VANCOUVER (NEWS 1130) – In his latest report, federal auditor general Michael Ferguson says the Canada Revenue Agency is taking far too long to resolve disputes, costing taxpayers time and money.
Auditors found the CRA often leaves taxpayers in the dark about how long it will take to handle an income tax objection. The report found people often wait months to hear back after formally objecting to tax assessments, and appeals officers can wait more than a year when they request help from other areas of the agency.
These are issues which Vancouver-based tax lawyer Jeff Glasner contends with constantly. “We file these objections with a ‘smoking gun’ piece of evidence, that we just need someone at the other end to look at so they can close the file in our client’s favour, but even with those, we could be waiting up to a year or longer,” he says.
Glasner adds that the problem seems to be getting worse: the CRA used to provide loose timelines of six to nine months to discuss a file, but Glasner says now it’s nine months to a year.
The audit said it takes the taxman an average of 263 days to process an objection from an individual or corporation and 1,503 days for so-called group cases, that can include suspected tax evaders.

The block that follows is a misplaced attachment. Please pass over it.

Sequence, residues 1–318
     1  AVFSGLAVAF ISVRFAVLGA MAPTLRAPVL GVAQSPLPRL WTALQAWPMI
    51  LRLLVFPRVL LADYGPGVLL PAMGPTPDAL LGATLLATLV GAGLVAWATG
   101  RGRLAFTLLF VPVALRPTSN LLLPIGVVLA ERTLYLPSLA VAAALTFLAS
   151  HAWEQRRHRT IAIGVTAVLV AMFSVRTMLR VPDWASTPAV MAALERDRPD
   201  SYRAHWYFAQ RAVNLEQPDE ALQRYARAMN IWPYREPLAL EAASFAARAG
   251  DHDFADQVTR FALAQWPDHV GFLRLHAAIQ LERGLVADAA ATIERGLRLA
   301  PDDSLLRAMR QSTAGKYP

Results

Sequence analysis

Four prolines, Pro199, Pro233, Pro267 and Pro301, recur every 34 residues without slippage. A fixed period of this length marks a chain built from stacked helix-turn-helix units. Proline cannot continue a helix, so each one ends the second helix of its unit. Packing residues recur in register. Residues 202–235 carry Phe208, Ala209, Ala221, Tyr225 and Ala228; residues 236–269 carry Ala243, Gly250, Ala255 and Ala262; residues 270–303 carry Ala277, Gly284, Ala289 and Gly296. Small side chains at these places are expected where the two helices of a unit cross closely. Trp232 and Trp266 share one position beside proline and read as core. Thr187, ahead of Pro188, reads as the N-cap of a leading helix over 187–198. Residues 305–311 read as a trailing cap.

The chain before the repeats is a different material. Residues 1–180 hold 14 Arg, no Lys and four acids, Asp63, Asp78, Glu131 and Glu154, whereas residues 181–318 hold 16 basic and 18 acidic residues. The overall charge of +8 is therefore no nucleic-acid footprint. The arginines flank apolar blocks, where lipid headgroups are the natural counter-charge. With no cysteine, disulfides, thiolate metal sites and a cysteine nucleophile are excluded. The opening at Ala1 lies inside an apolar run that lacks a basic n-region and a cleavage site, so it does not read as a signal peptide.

Glasner says for his clients, the stress and uncertainty during that waiting period can be damaging. “It’s causing them issues in their day-to-day life, in their relations with family members, in their business activities, in their jobs… they’re looking for a resolution as soon as possible.”
In the case of a GST assessment challenge, Glasner says the government can still collect while the objection outstanding. “You could have the CRA — and you often do — have them freezing your bank accounts, putting liens against your property, garnishing your paycheques, etcetera, so the delays really do hunt people directly on a GST objection.”
The CRA agreed with the recommendations of Ferguson’s audits, vowing to craft new policies, strategies, internal processes and reporting standards. However, Glasner says a simpler solution would be to hire more staff.
Auditors found that over the last 10 fiscal years, the inventory of outstanding cases grew by 171 per cent, while the number of employees dedicated to resolving them grew by only 14 per cent.